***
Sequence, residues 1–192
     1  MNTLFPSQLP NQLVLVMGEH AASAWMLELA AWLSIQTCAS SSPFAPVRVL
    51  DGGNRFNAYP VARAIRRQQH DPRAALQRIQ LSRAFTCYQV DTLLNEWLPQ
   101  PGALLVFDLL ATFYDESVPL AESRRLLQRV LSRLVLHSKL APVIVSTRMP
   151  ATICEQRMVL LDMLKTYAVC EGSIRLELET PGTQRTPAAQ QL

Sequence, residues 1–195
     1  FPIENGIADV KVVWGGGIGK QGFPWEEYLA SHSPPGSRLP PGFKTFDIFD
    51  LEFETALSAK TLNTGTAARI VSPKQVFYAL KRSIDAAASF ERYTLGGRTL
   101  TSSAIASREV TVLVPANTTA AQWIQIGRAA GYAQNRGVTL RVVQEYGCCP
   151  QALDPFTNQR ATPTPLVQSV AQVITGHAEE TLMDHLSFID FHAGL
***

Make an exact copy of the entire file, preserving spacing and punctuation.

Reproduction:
Sequence, residues 1–192
     1  MNTLFPSQLP NQLVLVMGEH AASAWMLELA AWLSIQTCAS SSPFAPVRVL
    51  DGGNRFNAYP VARAIRRQQH DPRAALQRIQ LSRAFTCYQV DTLLNEWLPQ
   101  PGALLVFDLL ATFYDESVPL AESRRLLQRV LSRLVLHSKL APVIVSTRMP
   151  ATICEQRMVL LDMLKTYAVC EGSIRLELET PGTQRTPAAQ QL

Sequence, residues 1–195
     1  FPIENGIADV KVVWGGGIGK QGFPWEEYLA SHSPPGSRLP PGFKTFDIFD
    51  LEFETALSAK TLNTGTAARI VSPKQVFYAL KRSIDAAASF ERYTLGGRTL
   101  TSSAIASREV TVLVPANTTA AQWIQIGRAA GYAQNRGVTL RVVQEYGCCP
   151  QALDPFTNQR ATPTPLVQSV AQVITGHAEE TLMDHLSFID FHAGL